Bill Bracken used to manage restaurants in some of the most expensive hotels in the country. These days he’s known for showing up in Betsy – his food truck – to feed those in need. Many things have changed for Bracken, but his dedication to creating delicious, nutritious food has not.
“I learned to find joy and satisfaction in everything that I cook,” Bracken said. “Whether I was cooking a Filet Mignon or a cheeseburger, I strived to make the best one that I could.”
Bracken’s drive to offer high-quality meals has made him a welcome sight in Orange County, Calif., an area that struggles with food insecurity.
Bringing Food and Support to People
Betsy is well known among Bracken’s customers who have come to associate the truck with love, support, and community in addition to fresh, hot food.
The children recognize “Uncle Bill” when he comes to their neighborhood to bring food, laughter, and hugs.
“Along the way we have gotten to meet and become friends with some really amazing people” Bracken says. At every turn, it is clear that serving those in need is the top priority.
In Orange County, where Bracken’s Kitchen currently operates, 21 percent of children are food insecure. Obesity is a significant problem in California. To address both issues simultaneously, Bracken’s Kitchen provides not only sustenance but real nutrients.
By partnering with other local organizations like Salvation Army and Miracles for Kids, Bracken’s hopes to offer support in multiple areas. Their programs work together to provide a complement of services.
The Trio of Solutions
The cornerstone of Bracken’s Kitchen is the Food Truck Feeding Program.
“We feel if we’re able to provide a few meals a week then these people can save their precious few dollars for other life necessities like rent and medicine,” Bracken said. But this alone did not satisfy his need to do good.
The Recovered Food Program brings in food from businesses that would otherwise throw it away. This provides free, high-quality ingredients for the food truck and reduces food waste.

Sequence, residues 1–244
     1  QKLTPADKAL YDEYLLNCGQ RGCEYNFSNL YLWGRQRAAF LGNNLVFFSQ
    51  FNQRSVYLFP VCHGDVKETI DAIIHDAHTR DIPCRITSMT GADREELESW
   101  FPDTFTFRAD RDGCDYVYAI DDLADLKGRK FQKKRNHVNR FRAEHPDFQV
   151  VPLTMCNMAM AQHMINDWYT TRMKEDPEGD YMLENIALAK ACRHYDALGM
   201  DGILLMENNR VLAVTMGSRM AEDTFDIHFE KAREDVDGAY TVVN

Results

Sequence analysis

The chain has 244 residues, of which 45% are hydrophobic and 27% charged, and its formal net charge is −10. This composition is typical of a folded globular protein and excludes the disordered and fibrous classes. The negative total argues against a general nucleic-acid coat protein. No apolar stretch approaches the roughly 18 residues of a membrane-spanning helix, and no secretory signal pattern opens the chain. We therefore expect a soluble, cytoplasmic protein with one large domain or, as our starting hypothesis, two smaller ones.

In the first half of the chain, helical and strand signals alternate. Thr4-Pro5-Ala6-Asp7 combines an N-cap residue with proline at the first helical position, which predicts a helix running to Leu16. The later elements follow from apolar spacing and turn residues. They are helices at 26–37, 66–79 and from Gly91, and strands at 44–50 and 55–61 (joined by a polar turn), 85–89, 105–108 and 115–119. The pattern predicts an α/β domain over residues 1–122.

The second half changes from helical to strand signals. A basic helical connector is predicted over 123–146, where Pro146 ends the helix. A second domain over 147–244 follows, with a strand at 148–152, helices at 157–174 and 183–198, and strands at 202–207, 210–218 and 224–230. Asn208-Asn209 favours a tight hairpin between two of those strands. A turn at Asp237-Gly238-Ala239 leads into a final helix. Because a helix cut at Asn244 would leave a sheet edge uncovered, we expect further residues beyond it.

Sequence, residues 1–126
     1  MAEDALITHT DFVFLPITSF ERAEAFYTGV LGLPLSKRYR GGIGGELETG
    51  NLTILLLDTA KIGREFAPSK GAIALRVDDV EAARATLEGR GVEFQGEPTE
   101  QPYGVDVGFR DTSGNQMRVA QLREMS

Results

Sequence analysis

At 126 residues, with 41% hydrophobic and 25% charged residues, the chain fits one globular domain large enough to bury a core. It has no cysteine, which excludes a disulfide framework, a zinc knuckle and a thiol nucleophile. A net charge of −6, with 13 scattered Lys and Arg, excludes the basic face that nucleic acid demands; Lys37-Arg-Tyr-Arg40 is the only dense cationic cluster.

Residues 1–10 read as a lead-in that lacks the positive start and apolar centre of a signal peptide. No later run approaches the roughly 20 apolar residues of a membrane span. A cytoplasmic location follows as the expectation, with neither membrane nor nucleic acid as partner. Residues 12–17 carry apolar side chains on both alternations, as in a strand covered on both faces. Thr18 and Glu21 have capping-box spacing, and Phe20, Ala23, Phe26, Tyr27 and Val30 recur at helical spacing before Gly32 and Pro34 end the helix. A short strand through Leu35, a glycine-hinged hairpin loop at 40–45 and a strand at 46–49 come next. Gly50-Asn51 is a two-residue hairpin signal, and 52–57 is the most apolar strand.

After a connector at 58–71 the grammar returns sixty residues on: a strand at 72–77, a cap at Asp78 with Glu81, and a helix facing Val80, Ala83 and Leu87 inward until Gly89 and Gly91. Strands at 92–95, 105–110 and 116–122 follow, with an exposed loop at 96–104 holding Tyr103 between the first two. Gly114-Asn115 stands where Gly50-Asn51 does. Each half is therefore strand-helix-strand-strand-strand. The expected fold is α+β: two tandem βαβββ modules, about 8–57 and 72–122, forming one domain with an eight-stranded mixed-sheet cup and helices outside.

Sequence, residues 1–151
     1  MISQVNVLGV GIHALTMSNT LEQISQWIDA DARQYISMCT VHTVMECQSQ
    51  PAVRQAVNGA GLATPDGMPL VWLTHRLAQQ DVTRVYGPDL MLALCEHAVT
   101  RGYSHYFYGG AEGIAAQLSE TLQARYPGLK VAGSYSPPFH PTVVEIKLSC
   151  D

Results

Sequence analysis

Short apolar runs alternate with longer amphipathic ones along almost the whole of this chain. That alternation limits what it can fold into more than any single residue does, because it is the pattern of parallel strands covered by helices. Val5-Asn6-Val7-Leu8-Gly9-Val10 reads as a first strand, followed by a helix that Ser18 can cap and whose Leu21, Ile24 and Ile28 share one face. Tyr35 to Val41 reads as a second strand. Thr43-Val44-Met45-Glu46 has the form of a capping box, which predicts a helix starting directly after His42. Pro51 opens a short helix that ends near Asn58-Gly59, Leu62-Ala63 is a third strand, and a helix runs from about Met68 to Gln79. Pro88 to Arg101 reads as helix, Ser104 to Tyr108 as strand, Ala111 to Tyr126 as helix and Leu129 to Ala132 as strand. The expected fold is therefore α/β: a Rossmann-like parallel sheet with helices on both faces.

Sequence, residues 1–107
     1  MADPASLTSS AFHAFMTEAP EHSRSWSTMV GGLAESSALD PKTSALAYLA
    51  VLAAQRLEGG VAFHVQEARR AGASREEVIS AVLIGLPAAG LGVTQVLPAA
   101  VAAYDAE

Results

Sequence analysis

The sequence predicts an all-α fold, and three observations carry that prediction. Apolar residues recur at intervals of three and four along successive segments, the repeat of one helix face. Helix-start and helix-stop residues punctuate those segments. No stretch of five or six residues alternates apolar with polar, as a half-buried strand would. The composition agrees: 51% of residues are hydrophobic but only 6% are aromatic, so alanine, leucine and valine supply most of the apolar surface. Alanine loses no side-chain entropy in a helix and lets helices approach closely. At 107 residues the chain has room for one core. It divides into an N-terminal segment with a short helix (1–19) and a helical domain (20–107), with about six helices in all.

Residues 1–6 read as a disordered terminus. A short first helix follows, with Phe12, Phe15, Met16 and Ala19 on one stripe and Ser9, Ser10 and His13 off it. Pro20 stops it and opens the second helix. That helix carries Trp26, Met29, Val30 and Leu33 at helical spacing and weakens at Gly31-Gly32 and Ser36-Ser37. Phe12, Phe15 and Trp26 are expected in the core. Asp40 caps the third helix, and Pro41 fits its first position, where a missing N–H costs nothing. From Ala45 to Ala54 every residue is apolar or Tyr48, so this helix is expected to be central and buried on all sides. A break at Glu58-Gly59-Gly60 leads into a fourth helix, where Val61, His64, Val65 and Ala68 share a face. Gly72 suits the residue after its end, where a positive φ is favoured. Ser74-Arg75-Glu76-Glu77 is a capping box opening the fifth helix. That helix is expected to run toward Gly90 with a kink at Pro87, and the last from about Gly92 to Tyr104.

“‘Recovering and Repurposing'” food is here to stay,” Bracken said. “In fact, it is here that the future battle against food insecurity lies.”
The Culinary Training Program is the final ingredient. The food for the truck is prepared by at-risk youth who gain the skills they need to hold down a full-time job, breaking the poverty cycle.
It is “a match made in heaven,” according to Bracken.
By combining the three programs, Bracken’s Kitchen has created a sustainable, scalable model for alleviating hunger, food waste, and intergenerational poverty.
The Next Step
Bracken’s Kitchen recently received a $25,000 grant through the Starbucks Upstanders challenge. The money will be used to purchase food staples and help grow the program.
Bracken is looking forward to moving into a dedicated workspace and fully launching the Culinary Workforce Training Program.
The work is far from done, and Bracken’s Kitchen is looking to take their recipe for success elsewhere:
“As we look to the future we see future kitchens in Los Angeles, San Diego, Phoenix and someday back in the Kansas City area where I grew up.”
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